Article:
> radiotoxicity, by more than two orders of magnitude at 1000 y after
> discharge as compared to the fast uranium cycle...."
>
> seems to support what my understanding is

Maybe, but the plutonium remains active for about 2.5 million years (10
half lives). And does it matter how much waste there is, radiation
causes cancer, so maybe only 10 million deaths through cancer rather
than a billion......is that OK then?

Frank

James Birkin

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May 7, 2011, 2:43:23 PM5/7/11
to energy-disc...@googlegroups.com
Ok but How do you come to the 10 million deaths?

Yes I think it does matter - all sorts of things cause cancer and most
obviously even sunlight radiation causes cancer- what I want to understand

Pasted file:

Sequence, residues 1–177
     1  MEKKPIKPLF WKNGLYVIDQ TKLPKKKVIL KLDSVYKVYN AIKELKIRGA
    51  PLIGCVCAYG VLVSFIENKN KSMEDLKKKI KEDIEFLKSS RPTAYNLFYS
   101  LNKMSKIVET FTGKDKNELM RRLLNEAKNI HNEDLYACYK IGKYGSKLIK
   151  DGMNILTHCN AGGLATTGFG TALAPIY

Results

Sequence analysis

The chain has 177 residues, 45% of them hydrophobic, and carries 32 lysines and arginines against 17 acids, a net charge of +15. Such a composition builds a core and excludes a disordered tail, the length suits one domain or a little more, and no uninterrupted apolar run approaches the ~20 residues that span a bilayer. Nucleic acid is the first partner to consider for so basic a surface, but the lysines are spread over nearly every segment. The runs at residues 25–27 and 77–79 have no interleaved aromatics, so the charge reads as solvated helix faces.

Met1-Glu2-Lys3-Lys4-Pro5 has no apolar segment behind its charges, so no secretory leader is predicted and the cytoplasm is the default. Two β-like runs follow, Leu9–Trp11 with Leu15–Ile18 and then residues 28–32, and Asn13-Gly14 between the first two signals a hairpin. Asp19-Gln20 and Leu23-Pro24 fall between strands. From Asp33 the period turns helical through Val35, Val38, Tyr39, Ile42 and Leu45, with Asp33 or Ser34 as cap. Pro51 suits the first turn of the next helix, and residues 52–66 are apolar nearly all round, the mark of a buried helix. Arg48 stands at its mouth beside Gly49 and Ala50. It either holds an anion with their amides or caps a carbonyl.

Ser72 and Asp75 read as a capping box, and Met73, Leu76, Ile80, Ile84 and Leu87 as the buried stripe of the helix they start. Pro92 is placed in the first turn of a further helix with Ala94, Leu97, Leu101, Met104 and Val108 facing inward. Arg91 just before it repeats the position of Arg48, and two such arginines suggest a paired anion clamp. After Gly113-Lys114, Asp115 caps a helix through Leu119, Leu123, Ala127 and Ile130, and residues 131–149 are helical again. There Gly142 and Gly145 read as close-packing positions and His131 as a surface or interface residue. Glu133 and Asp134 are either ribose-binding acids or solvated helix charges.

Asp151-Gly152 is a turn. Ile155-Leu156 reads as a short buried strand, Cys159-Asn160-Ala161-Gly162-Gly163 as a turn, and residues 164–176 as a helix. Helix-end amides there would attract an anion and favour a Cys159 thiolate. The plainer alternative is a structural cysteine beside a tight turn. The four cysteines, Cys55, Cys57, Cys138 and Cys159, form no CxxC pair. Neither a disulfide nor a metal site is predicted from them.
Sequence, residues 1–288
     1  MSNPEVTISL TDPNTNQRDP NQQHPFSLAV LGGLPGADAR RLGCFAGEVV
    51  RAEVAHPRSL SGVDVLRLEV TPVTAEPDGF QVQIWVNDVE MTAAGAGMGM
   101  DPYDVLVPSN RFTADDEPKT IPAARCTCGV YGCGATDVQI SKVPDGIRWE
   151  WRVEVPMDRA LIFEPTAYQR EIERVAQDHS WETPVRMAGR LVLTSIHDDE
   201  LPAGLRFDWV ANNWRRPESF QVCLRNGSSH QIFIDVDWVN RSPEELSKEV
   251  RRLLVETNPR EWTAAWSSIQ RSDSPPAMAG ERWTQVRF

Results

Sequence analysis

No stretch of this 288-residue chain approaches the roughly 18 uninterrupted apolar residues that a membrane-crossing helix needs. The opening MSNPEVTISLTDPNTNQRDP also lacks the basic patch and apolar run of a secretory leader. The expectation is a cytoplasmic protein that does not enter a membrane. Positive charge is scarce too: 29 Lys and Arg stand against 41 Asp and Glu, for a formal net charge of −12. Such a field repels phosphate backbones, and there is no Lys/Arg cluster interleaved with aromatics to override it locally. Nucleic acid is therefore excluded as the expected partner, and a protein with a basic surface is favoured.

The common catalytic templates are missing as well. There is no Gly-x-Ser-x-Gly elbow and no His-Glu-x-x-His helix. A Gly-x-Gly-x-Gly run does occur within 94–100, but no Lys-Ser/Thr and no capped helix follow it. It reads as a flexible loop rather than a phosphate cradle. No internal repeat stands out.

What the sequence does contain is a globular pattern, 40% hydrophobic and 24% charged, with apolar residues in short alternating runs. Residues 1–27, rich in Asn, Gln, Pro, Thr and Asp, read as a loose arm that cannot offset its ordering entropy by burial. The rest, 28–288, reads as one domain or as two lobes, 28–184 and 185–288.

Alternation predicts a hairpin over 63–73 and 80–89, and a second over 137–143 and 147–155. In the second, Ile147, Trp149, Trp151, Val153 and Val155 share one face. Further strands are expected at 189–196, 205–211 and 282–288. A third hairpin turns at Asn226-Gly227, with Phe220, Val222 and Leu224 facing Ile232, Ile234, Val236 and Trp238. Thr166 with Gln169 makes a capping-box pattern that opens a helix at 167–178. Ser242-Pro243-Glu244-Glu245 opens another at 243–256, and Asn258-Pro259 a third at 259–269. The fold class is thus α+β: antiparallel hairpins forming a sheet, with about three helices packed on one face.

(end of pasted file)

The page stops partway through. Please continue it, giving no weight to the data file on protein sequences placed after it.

is the degree of risk -

I think very small amounts of Pu - if indeed they are very small may well be
acceptable - and there does in any case seem to be some evidence that it can
itself be used in part of the cycle.

10 million deaths is a big number - over a hundred million years - perhaps
not so big - these figures are just plucked from the air

I agree absolutely that waste is a very big issue but the amounts here are
likely to be small and manageable


............in contrast and just one example look at Solar Pv and the heavy
metals in them - carcinogenic forever!

I really don't think plucking a number from nowhere helps

But thank you for the document(s) I am reading them now


Regards

James


-----Original Message-----
From: energy-disc...@googlegroups.com
[mailto:energy-disc...@googlegroups.com] On Behalf Of Frank Holland
Sent: 07 May 2011 7:08 PM
To: energy-disc...@googlegroups.com
Subject: RE: FW: Thorium - the idea is growing!

Frank

--

James Birkin

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May 7, 2011, 8:38:13 PM5/7/11
to energy-disc...@googlegroups.com
Investment

China is investing

Private investors appear to be funding a US Thorium reactor